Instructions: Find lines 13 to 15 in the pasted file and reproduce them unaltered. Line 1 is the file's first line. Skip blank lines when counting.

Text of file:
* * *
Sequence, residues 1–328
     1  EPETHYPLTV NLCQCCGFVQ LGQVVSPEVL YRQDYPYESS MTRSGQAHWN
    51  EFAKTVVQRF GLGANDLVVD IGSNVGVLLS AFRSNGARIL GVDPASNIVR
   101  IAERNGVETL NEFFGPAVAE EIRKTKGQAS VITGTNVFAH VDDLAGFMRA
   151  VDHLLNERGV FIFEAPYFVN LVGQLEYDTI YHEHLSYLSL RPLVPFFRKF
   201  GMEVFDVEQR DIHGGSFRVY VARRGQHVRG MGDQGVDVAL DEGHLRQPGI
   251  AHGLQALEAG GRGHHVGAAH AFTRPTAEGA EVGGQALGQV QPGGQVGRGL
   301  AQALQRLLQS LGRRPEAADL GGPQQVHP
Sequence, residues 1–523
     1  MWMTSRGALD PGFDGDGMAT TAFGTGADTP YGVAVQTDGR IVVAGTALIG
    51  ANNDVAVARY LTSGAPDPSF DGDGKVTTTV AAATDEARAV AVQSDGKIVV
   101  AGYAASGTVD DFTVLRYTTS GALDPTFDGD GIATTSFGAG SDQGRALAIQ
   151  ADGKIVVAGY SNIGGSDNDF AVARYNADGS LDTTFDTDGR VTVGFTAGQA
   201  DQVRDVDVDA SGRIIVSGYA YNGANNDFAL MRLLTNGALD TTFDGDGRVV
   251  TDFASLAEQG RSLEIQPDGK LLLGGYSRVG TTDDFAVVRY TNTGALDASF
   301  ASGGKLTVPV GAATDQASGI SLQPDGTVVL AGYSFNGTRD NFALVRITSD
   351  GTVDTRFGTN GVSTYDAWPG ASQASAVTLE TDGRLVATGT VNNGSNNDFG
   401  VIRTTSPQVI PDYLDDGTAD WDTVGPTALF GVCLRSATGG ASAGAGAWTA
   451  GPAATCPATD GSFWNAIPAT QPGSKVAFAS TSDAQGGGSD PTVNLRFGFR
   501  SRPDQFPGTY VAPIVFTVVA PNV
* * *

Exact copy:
   151  ADGKIVVAGY SNIGGSDNDF AVARYNADGS LDTTFDTDGR VTVGFTAGQA
   201  DQVRDVDVDA SGRIIVSGYA YNGANNDFAL MRLLTNGALD TTFDGDGRVV
   251  TDFASLAEQG RSLEIQPDGK LLLGGYSRVG TTDDFAVVRY TNTGALDASF